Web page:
The 2 Types of Photosensitivity

Photosensitivity can be divided into two categories: phototoxic and photoallergic reactions. “Phototoxic reactions are more common and typically happen more immediately, with the main differentiator being that they typically only occur in areas exposed to light. Photoallergic reactions are less common and can occur up to a week or two later and can spread beyond the area that is exposed,” Fort Lauderdale, FL dermatologist Dr. Matthew Elias.

Dr. Kung explains that phototoxic reactions are dose-dependent on the drug and UV exposure. “Reactive oxygen species are formed that cause tissue damage. Hence, phototoxic reactions appear like an ‘exaggerated sunburn’ with redness and swelling that can occur immediately or days after exposure,” she says. On the other hand, photoallergic reactions happen when the “photosensitizer is converted into a bioactive chromophore by UV rays that can set off an immunological response,” explains Dr. Kung. “Photoallergic reactions are characterized by a slow crescendo of a delayed hypersensitivity reaction.” It may appear more like eczema in the exposed areas than sunburn.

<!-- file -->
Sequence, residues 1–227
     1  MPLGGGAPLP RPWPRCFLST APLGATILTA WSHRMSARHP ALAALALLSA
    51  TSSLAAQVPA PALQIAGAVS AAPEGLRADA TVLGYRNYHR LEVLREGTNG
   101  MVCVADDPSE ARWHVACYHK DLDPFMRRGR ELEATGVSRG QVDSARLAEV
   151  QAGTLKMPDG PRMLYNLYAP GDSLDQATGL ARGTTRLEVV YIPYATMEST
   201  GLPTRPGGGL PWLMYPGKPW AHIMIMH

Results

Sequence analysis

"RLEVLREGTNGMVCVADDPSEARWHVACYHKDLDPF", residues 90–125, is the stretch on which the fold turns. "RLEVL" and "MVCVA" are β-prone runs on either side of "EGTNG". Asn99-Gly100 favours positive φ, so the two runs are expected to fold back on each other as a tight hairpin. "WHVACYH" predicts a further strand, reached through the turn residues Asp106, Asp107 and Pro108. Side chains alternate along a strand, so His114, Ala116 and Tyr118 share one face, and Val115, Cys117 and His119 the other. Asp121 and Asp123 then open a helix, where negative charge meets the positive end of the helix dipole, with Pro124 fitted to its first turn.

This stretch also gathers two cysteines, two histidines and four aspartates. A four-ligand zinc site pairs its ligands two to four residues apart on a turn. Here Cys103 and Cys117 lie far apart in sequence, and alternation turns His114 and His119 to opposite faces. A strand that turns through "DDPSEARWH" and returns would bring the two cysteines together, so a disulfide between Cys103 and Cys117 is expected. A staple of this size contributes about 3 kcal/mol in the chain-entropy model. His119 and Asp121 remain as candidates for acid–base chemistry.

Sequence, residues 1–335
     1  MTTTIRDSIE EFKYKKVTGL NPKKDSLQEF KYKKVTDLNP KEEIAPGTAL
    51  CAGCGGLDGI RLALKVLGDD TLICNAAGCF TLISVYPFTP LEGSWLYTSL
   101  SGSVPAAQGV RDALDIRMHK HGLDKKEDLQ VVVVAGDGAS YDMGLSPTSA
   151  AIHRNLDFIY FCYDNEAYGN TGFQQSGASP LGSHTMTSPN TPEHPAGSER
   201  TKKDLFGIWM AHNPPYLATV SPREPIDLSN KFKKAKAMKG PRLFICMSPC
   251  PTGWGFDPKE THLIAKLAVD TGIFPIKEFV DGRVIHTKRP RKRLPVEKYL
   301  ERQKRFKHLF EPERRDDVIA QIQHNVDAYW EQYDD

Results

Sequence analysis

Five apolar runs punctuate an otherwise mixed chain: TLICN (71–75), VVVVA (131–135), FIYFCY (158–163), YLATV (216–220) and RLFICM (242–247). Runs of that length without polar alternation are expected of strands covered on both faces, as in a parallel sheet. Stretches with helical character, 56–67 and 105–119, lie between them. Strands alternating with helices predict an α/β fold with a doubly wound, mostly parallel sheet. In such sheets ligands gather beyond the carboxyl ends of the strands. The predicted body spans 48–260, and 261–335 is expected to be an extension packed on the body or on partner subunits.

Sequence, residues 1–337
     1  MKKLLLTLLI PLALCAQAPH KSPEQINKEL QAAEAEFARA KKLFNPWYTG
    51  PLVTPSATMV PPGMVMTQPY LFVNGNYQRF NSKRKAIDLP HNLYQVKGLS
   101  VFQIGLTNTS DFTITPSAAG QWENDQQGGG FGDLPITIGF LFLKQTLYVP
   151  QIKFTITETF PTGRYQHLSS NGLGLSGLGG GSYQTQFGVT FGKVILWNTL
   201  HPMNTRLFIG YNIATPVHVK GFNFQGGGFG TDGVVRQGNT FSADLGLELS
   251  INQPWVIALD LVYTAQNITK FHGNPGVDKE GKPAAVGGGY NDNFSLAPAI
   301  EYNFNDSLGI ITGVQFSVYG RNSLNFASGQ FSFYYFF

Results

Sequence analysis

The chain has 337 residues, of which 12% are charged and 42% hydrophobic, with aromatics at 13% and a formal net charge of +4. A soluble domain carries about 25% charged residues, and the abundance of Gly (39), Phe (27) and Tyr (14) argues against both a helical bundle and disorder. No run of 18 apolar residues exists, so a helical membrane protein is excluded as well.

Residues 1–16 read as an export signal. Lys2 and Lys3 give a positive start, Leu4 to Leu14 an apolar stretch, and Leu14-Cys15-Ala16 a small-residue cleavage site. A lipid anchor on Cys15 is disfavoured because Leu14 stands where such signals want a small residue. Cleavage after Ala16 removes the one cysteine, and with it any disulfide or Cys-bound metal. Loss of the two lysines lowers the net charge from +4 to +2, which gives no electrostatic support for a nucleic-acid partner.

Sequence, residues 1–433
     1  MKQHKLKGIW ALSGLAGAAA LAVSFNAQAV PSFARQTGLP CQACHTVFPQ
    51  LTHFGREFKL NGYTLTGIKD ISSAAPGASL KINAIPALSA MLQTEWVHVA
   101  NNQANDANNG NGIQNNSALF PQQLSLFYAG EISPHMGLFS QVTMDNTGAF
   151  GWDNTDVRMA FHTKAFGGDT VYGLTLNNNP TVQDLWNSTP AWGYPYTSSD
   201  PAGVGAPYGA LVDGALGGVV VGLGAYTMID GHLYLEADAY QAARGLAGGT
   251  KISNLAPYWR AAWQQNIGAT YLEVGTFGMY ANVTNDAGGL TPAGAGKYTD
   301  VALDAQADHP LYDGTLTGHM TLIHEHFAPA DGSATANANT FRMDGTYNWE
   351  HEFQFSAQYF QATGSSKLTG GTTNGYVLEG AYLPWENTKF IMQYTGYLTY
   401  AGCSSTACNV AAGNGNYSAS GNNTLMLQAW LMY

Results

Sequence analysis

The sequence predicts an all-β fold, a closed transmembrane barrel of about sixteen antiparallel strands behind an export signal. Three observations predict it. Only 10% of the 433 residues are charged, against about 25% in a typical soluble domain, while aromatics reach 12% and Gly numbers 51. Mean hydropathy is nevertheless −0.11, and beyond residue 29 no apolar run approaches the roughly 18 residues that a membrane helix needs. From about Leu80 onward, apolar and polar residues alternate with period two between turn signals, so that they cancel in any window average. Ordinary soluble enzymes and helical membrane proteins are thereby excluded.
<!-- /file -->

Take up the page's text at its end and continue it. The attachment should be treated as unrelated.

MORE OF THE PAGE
The Dangers of Getting Too Much Sun With Photosensitive Skin

Photosensitivity can “increase the chances of sunburn and the development of sunburn cells, which can increase the risk of skin cancer in the long term and post-inflammatory pigmentation (brown discoloration) in the short term,” says Dr. Russak. According to Dr. Elias too much sun while photosensitive can also result in a rash that resembles a sunburn with blisters and peeling.

photosensitive skin ras
Courtesy of Dr. Papantoniou

“To give you a clearer picture, here’s an image of what a photosensitivity flare-up can look like,” says Melville, NY dermatologist Kally Papantoniou, MD. “This is an example of phytophotodermatitis, a reaction caused by certain plant compounds, like those found in citrus juice, on the skin exposed to sunlight.”